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Benefits to flow from soil water repellence research

Released on

Released on:
Monday, 10. December 2018 - 8:45

Soil water repellence on sandy soils can be significantly reduced by incorporating clay with deep tillage, boosting crop productivity and profitability.

Research by the Department of Primary Industries and Regional Development, with support from the Grains Research and Development Corporation, found lupin yields increased by as much as 40 per cent when subsoil clay was incorporated via deep tillage.

Department research officer Giacomo Betti said the large plot field experiment on deep sand at Moora found deep tillage, used with and without clay spreading, improved plant establishment on the water repellent soils.

Mr Betti said while in the short time there was no significant difference in yields by incorporating claying, the long term benefits from using clay is still be determined.

“The results showed that deep soil mixing, in combination with clay or not, reduced water repellence severity and increased topsoil wettability compared with the control and shallow tillage,” Mr Betti said.

“Subsoil clay added to the topsoil also reduced water repellence and improved plant establishment and crop productivity, however, negative results were recorded when the claying was poorly incorporated to a shallow depth or not incorporated at all.

“Analysis shows that increased evaporation and surface crusting from the poor incorporation of subsoil clay at rates of more than 150 tonnes per hectare, reduced crop establishment and yields.”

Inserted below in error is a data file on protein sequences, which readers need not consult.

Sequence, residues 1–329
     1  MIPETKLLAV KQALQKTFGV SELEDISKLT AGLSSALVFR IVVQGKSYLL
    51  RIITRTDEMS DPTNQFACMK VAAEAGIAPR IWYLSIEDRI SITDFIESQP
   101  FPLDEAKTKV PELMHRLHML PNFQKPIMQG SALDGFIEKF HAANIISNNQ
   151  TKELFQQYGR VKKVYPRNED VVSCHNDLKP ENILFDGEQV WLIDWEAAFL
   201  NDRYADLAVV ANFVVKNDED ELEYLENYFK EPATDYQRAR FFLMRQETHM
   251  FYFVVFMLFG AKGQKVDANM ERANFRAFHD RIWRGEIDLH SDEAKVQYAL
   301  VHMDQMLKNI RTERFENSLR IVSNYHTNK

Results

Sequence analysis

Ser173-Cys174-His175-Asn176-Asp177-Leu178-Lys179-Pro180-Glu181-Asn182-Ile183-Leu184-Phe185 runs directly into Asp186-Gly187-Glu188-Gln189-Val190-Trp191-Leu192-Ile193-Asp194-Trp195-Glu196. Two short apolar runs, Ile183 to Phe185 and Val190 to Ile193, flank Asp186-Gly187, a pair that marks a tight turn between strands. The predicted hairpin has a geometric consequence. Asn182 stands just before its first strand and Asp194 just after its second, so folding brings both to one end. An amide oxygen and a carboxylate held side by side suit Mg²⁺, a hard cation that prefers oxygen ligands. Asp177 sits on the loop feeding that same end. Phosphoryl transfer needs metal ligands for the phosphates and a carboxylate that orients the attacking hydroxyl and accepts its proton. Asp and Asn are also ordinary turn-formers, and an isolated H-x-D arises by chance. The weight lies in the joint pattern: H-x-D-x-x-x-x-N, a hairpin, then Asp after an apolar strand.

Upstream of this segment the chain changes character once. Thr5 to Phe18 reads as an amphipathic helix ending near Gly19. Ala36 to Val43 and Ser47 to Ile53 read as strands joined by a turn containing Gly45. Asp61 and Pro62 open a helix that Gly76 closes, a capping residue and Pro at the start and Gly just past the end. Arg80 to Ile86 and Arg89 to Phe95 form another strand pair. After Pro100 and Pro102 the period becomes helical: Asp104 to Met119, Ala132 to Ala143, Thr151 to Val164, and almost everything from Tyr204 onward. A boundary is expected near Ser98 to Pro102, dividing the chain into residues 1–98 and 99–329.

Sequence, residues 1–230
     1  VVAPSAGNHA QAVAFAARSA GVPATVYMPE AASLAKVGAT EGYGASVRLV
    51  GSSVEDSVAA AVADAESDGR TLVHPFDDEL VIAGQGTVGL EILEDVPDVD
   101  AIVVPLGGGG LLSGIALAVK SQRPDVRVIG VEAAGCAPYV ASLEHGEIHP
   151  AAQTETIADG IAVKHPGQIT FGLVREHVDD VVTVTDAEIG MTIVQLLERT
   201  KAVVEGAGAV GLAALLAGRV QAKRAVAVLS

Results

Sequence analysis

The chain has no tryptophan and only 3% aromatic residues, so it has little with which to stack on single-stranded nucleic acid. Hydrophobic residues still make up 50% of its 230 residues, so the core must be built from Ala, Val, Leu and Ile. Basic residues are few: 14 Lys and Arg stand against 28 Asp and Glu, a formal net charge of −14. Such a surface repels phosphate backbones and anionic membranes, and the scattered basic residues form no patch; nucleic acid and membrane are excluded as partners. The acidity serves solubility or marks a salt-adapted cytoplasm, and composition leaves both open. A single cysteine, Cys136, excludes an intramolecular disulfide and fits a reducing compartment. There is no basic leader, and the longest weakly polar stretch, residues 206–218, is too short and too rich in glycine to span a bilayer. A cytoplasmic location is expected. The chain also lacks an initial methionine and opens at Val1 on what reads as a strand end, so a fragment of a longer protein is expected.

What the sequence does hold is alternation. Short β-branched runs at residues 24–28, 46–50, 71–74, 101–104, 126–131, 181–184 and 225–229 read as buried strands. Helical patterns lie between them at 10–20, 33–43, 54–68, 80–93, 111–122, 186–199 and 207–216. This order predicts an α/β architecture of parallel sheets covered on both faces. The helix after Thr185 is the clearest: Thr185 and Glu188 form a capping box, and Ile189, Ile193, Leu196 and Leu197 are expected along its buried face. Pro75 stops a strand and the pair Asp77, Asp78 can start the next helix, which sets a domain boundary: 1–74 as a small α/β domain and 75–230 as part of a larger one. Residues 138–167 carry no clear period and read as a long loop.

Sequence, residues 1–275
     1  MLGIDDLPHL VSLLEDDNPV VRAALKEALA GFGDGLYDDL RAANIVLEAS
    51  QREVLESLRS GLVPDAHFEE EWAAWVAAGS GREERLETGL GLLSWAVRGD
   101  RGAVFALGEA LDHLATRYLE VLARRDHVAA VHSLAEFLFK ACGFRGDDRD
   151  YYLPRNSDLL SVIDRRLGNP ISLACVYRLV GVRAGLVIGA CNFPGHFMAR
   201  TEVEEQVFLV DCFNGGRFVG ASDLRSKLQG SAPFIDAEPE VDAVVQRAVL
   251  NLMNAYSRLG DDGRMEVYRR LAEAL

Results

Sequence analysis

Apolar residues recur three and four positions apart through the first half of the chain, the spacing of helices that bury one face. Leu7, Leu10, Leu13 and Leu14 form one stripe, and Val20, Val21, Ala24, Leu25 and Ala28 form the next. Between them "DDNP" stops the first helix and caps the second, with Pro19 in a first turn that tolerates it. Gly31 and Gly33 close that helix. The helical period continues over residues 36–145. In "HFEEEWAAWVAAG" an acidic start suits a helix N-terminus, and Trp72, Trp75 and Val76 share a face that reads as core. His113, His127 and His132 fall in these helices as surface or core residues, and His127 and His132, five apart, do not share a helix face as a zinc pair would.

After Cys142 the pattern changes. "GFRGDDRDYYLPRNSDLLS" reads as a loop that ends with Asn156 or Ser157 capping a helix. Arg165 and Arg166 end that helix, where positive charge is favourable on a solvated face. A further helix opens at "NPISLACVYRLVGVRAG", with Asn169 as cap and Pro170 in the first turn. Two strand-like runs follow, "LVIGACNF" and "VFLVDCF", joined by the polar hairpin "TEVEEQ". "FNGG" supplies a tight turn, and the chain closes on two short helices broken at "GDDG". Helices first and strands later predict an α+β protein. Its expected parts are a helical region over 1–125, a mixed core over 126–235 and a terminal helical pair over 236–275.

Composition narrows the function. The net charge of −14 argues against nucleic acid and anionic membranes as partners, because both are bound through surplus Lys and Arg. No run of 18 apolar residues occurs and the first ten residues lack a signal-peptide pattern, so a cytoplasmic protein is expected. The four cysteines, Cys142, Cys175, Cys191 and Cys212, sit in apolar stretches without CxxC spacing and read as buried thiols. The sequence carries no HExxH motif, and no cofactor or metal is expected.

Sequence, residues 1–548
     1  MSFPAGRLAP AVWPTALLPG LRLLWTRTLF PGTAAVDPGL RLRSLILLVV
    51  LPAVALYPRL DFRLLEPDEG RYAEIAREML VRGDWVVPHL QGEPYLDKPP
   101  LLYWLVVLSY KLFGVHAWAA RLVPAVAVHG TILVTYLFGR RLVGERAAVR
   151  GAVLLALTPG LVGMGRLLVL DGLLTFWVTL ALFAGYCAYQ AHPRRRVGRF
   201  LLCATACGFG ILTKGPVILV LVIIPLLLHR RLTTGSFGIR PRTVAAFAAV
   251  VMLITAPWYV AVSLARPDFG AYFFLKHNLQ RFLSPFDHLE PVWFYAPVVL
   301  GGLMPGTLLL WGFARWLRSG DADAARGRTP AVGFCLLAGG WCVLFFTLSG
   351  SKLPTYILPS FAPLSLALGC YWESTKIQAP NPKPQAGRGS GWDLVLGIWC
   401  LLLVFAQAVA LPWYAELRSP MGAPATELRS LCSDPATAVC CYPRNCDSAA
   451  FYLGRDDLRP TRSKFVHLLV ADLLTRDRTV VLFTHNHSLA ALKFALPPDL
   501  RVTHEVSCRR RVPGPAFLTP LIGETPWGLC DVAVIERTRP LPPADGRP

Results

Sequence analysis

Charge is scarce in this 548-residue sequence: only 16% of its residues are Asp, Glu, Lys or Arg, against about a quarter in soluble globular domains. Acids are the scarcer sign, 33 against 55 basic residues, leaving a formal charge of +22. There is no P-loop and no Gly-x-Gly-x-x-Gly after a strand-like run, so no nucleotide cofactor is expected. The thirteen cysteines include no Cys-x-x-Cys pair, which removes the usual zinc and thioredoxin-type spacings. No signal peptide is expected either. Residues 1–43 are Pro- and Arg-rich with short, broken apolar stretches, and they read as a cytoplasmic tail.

The experiment compared spreading subsoil with a clay content of 31 per cent at rates of 0, 100, 150 and 250t/ha, incorporated via shallow tillage using offset discs, deep tillage with a rotary spader or no tillage.

The crop of Barlock lupins were sown into a paddock that had been deep ripped prior to the trial and was cropped using a controlled traffic system in 2017, which was a below average rainfall season.

Early crop establishment and growth was measured using high definition aerial images taken by a drone, while a rainfall simulator was used to apply solutions of blue dye and water to help measure the effects of the treatments on topsoil wettability.

“The highest yields were achieved by a combination of deep tillage with 100 tonnes per hectare of clay, which produced 0.6 t/ha more than the control treatments,” Mr Betti said.

“No significant differences were found between the yields of treatments with nil and shallow tillage.”

Mr Betti said the results clearly showed that in dry seasons, such as 2017, reducing soil water repellence and increasing early crop establishment were key drivers to achieving higher yields.   

“Preliminary results for the 2018 season continue to show the positive effects of deep soil mixing on yields of wheat and the negative effects of excess claying with little or no incorporation,” he said.

For more information on the department’s research on water repellent soils click here.

Aerial photograph of a paddock with an overlay showing yield responses to treatments.
An aerial view of a paddock showing the response of a lupin crop to a combination of claying and deep tillage treatments at Moora in 2017.

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